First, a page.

Die of pain.
Die of grief.
Die of emptiness.
Die without passion.
Then one day I woke up.
Self sez to me:
Do you think you are the only person who has ridden
this train wreck to the end of the line?
Do you think you are the only person to have someone
who spoke to the darkness in your soul?
Do you think you will never again scream in ecstasy
and rake your nails across someone’s back?
Get back on that trolley
and pay the fare again.
Don’t pull the bell until you are past your stop.
Then walk back and open the door.

Portrait of a Lady

As I entered her hospital room, my first impression was of all the monitoring equipment around the frail figure.  Then, as she heard my footsteps, her head swiveled and a smile, a glorious smile of joy, drove away the expression of pain.  I smiled back and she exclaimed, “Oh Glory, I knew some of my people would come. I knew they would come!”  I went to hug her as best I could and to kiss her cheek.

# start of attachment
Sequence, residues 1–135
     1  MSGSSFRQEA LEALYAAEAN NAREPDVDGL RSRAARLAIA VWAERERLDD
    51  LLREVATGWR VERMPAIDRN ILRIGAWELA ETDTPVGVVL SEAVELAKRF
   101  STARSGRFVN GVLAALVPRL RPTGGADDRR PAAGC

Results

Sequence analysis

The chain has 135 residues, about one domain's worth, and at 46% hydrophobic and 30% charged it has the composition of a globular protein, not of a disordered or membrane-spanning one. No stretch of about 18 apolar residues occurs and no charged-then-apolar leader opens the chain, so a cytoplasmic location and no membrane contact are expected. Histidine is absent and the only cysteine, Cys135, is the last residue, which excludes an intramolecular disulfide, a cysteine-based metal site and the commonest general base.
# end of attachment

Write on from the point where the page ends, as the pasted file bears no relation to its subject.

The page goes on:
Behind me was another friend from our church and my mother in her wheelchair.  We clustered about her, touching her and loving her. “Praise God, some of my people are here. Thank you, Jesus.”  By now, she was radiant.

We found seats and beamed at her.  Mama presented her with a couple of homegrown tomatoes.  To her, they were the crown jewels.  “I’m gonna have that nurse come in and slice me up one of these for my snack after y’all leave and then I’m gonna have the other tomorrow with my tired ol’ breakfast.  Oh my goodness.”  I told her they were special because mama had stolen them from our neighbor’s little garden and as she was escaping over the fence, almost got a load of buckshot in the butt when the neighbor came out of his house and caught her.  She gave a low chuckle and said, “you go on now, you know she can can move faster than that.”  We all roared with laughter.